“Why, Solomon,” said Bart, at length, “what do you mean? I don’t see that anything’s happened.”

Solomon had been clinging to the outskirts of the party, and at this he. cried out,—

“Dey ain’t out dar! Dey’s inside.”

“Inside? Where?”

“In dar!” said Solomon, pointing to the door of the forecastle.

At this Bart went in, followed by all the boys. A dim lamp was burning, suspended from a beam. The boys looked around, and saw the seamen’s berths, but nothing more.

“There isn’t anything here,” said Bruce.

At that moment Solomon grasped Bart’s arm, and said, with a gasp,—

“Jes’ you listen to ‘em!”

The boys all listened.

As they listened, there arose a confused medley of sounds, which seemed to come from the hold of the ship—sounds of pounding, thumping, and grinding, mingled with groanings, gurglings, sobs, choking sighs, squeals, scrapings, rumblings, tumblings, shiverings, and many others of an indefinable character. To these the boys all listened in silence, and for a time there came a solemn feeling of awe over every one of that little band of listeners.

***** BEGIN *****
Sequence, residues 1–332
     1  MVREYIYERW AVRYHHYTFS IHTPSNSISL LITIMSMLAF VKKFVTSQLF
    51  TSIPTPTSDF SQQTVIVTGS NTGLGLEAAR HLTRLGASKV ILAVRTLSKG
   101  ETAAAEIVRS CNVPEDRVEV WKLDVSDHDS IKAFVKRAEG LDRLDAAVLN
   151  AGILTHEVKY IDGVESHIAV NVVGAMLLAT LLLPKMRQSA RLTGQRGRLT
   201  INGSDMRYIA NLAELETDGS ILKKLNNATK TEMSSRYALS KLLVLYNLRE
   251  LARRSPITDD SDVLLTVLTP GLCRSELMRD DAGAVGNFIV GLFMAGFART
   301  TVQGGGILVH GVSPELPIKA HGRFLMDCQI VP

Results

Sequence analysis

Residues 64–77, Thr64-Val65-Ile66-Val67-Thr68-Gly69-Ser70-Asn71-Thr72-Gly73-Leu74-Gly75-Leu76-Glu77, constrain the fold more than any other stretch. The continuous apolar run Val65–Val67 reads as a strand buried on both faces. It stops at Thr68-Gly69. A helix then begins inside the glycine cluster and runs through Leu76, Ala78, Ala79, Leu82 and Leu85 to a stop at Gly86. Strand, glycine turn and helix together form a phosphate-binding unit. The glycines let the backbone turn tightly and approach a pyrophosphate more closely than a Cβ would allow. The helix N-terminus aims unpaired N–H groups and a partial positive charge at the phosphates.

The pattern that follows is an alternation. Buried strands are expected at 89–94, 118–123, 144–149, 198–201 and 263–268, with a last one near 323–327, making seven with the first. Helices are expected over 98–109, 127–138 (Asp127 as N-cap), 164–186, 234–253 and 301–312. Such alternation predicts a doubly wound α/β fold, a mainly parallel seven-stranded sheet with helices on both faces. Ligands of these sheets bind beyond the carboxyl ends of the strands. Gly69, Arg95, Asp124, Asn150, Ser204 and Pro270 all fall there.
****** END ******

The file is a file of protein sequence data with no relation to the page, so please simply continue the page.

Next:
“D-d-d-dem’s um!” said Solomon, with a shudder. “D-d-d-dem’s d-d-de g-g-g-ghosts, d-d-d-dem’s d-d-de hobble-bobble-gobblums!”

“Nonsense!” said Bart. “Don’t talk that trash just now. This may be something serious.”

“The cargo seems moving,” said Bruce. “The leak may be a large one.”

“I dare say she’s got a bad strain,” said Phil.

“It’s very likely,” said Arthur, solemnly, “that she won’t last very long.”

“That’s my own idea,” said Tom. “Come, boys, we may as well look the worst in the face. It’s my opinion that she’s breaking up.”